Consider Summer Camp
Some preschools will also host summer camp programs for young children. This can be a great way to get your child involved in their curriculum and get to know the program teachers there. Summer camp enrollment is typically a bit less stressful than the process of enrolling in a preschool. Plus, it’ll give both you and potential teachers a good indication about whether your child is ready for preschool classes. Whether you enroll in school the following year or want to take a chance to see if a slot has opened up, going this route can help you make a memorable impression.

Enrolling in local preschool programs can be a lengthy process. But as long as you’re well-prepared, you’ll be in great shape when it comes time to take a tour and enroll. To find out more about our programs, please contact us today.

What Makes a Preschool Curriculum Better Than Just Good?

childcare centersChildcare centers, academic preschool programs, and parents alike have a common issue: what curriculum is right for my children? Sometimes it behooves preschool teachers to consider a curriculum specifically for their students because these early years are developmentally crucial. Let’s face it — they’re not college students. They lack the independence to choose a curricular path that best suits their learning styles. This leaves preschool curriculum in the hands of parents, teachers, and administrators.

What does a good curriculum look like? How do you develop good curriculum? These are driving questions behind an increasing demand for high-quality education from early childhood forward. From 2016 to 2026, the employment of preschool educators is slated to increase by 10%. This research shows now, more than ever, the importance we place upon early childhood development. Part of this process is the development of great curriculum. This is what it looks like.

  1. Child-first, always: It may seem obvious, but putting children first remains one of the most prevalent problems in curriculum development. Childcare centers and preschool teachers (parents are guilty, too) often think about curriculum that they want to teach rather than how the children will learn from it. A proper curriculum must be developed around the children and that looks different per classroom, per child, per day.
  2. Differentiated: Jumping off from child-first curriculum as a whole, lessons must be specifically differentiated. That’s an education buzzword that means it must fit different learning styles. Children all learn differently, but the tough part of the preschool age is this: they’re still in the stage of learning how to learn. It’s a little metaphysical, but entirely true. Not only should a curriculum look into different learning styles, it should teach different approaches to learning as a whole. Think of it as exploratory personal academics.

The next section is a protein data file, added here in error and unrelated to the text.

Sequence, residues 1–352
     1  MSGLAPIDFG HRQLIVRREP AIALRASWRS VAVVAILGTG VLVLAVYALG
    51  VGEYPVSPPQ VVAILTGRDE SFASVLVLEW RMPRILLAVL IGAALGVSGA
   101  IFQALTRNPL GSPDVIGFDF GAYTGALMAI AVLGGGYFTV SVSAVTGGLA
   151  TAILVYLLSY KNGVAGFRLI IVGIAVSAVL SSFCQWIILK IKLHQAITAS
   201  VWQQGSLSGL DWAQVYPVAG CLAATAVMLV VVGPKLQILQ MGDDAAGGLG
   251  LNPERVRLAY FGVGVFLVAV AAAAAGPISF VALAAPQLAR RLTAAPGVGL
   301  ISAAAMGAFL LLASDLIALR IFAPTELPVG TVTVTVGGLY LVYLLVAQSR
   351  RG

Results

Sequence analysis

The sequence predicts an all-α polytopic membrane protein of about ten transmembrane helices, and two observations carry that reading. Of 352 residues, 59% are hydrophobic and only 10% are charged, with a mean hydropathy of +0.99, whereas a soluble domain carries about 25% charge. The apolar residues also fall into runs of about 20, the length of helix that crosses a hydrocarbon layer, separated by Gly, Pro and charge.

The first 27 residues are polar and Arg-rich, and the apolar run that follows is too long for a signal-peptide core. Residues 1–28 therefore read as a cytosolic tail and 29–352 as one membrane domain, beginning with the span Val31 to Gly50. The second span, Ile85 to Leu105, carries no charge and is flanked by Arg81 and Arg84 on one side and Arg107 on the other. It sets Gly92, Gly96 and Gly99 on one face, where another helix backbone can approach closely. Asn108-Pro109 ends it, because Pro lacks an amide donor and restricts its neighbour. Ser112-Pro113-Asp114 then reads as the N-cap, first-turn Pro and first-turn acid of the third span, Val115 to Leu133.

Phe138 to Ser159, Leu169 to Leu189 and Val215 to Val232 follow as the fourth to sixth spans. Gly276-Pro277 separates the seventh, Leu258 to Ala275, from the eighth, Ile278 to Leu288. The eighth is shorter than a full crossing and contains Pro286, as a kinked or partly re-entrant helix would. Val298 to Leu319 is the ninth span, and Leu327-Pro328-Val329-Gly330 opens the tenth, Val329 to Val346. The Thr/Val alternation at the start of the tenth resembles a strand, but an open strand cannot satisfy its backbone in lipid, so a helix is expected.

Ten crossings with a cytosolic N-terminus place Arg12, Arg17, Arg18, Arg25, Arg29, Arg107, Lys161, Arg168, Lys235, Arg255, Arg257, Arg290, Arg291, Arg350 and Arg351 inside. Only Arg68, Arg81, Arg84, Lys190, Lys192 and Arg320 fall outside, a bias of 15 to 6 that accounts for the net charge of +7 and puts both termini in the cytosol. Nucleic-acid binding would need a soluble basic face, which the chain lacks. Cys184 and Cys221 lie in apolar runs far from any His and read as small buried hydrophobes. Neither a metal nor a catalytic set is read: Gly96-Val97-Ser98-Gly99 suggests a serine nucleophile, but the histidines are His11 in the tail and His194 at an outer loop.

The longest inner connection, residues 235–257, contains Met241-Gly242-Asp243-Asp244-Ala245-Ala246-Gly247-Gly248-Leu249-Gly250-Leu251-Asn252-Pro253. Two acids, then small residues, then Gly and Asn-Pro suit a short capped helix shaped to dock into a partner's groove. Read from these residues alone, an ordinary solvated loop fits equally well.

3. Expert developed: Listen carefully: your favorite bloggers and Insta-families aren’t education experts. Leave the curriculum arena to experts in education and early childhood development. We have no problem with blogs or family pages, but they cannot and must not replace curriculum properly formulated by subject and age group experts.

Too many childcare centers hash together “curriculum” haphazardly. Some of the most important initial learning will come to your children during these early years. It may not seem so, but they’re sponges and when a curriculum is well-developed and formulated to tend a child’s growth, they blossom beautifully. Is the process arduous at times? Of course. It’s education. Balanced difficulty begets learning and when nurtured properly, they’ll be outsmarting you before you know it.

How To Choose the Right Summer Camp For Your Child

choosing a summer campSummer is right around the corner, which means your young children will soon be on vacation for a few months. Camp is a time-honored American tradition — and it’s one your kids may really love. However, choosing a summer camp that will fit their interests and needs (along with your budget and criteria) can be a challenge. That’s why it’s important to start early and to know what to focus on during your search. The following tips should be a great place to begin.

Decide: Day Camp or Overnight Camp?
Of the 14,000 camps that currently exist in the U.S., around 8,400 are resident (overnight) camps, while 5,600 are day camps. If your child is still quite young or tends to be a bit more attached to mom and dad, you’ll likely want to focus on daytime summer camp programs only (at least for now). While overnight camps won’t usually allow campers under the age of seven, that doesn’t mean your child will automatically be ready for that experience even at age eight, nine, or 10. It’s really up to both you and your child to make that decision when the time comes. Day camp is usually a great place to start because it allows your child to be active and pursue lots of different activities while easing into their independence and remaining close to home.